With the firm’s roots extending back over 25 years, Saratoga’s investment professionals have spent their careers in the middle market. Having come from a banking culture, Saratoga is client-focused and experienced in navigating the challenges that sometimes stand in the way of a successful investment. As a small, entrepreneurial firm, Saratoga’s deal teams and decision-makers are one and the same; you can always count on a clear dialogue and consistent follow through. Saratoga is able to provide considerable deal structure flexibility as a result of its mix of BDC, SBIC, and CLO capital available.
What differentiates Saratoga from other middle-market lenders?
Chris Oberbeck: Three things differentiate Saratoga — people, culture and experience. We have a group of people with deep experience both in the private equity side and the mezzanine and senior lending side of businesses. Over the years, we have looked at thousands of businesses in many different ways and studied a multitude of various types of transactions. As a result, our people can make decisions rapidly and come up with insightful and creative approaches to specific situations.
Michael Grisius: We’ve designed our organization so clients benefit from our professionals’ experience. We have a flat organizational structure that lets clients work directly with decision makers. The professionals doing deals are the same people on the investment committee. As a result, our clients have high certainty of execution. In other organizations, one might work for a while on a transaction, but then it goes to a second or third committee and suddenly the client gets a different answer.
Oberbeck: Clients have a timeline and critical path to getting transactions completed. They don’t want to waste time. They want to make sure the people they’re working with are the same people making the decisions, and that there isn’t somebody they haven’t met deciding on how the transaction is handled.
Grisius: Another benefit we offer is that we have an SBIC license, and we’re formed as a BDC. Those structures give us enormous flexibility in terms of the types of financing alternatives we can offer. We can do anything from senior debt to mezzanine capital to second lien financing. We can be more creative in trying to offer a financing solution for clients coming to us with a need for capital.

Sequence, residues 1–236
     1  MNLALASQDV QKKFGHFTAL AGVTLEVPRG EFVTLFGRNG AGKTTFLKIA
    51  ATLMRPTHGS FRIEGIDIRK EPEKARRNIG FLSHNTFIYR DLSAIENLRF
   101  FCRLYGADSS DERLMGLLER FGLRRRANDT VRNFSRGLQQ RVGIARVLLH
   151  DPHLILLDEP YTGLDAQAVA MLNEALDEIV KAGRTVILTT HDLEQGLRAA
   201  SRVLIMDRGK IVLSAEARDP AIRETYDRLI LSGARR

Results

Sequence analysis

What financing tools does Saratoga bring to the non-sponsored world?
Oberbeck: A number of the financing tools we bring to the non-sponsored world come from the sponsored world. When we say non-sponsored, we mean companies that don’t have a control shareholder in the form of a private equity firm, a hedge fund or some other sophisticated investor. These might be family-owned businesses, employee-owned businesses or broadly held companies. The types of tools we employ include dividend recapitalizations, where people may want to realize some of the value that has appreciated in their businesses but are not interesting in selling out.
Often in non-sponsored businesses, as time goes by, they have concentrated shareholdings, and some equity holders might be in a place where they want to realize their investment, while other shareholders don’t. The question becomes how do you take out a substantial shareholder — maybe even a control shareholder — without giving over control of the business or having to sell it in its entirety. We are focused right now on several transactions where we are able to help non-sponsored entities figure out how to readjust their capital structure and even take money off the table for all shareholders in a way that preserves the control of the business with the existing management team.
What is the state of the middle-market today?
Grisius: Since the financial crisis, the big factor in the middle market is the dearth of capital available from traditional senior lenders — banks, etc..
Oberbeck: The smaller the company, the more complicated its task is to find adequate capital. Generally speaking in smaller companies, the way they report numbers and the way they look as a company is not as sophisticated, not as packaged, or maybe as well put together as in larger companies. So, it’s important to develop for them customized solutions in the context of some of the objectives smaller companies have, short of the traditional sale of the company.
Grisius: That’s where we bring our experience in private equity and financing middle market businesses to come up with creative solutions. In a lot of deals we look at, there isn’t a change of control necessarily. It may be a family-owned business or a non-sponsored transaction where somebody wants to achieve liquidity but still retain ownership. We can offer a dividend recap or a variety of other creative financing solutions.
Oberbeck: Traditionally a lot of the dividend recaps were done by pretty sophisticated ownerships, such as private equity firms. Generally, families and management-owned companies didn’t have access to that type of financing. However, now, we’re seeing more and more non-sponsored companies looking to readjust their ownership positions. They have more sophisticated financing needs and, therefore, are looking to do certain acquisition type financings. We’re able to deliver to them these financing techniques.
Flexible Financing Solutions
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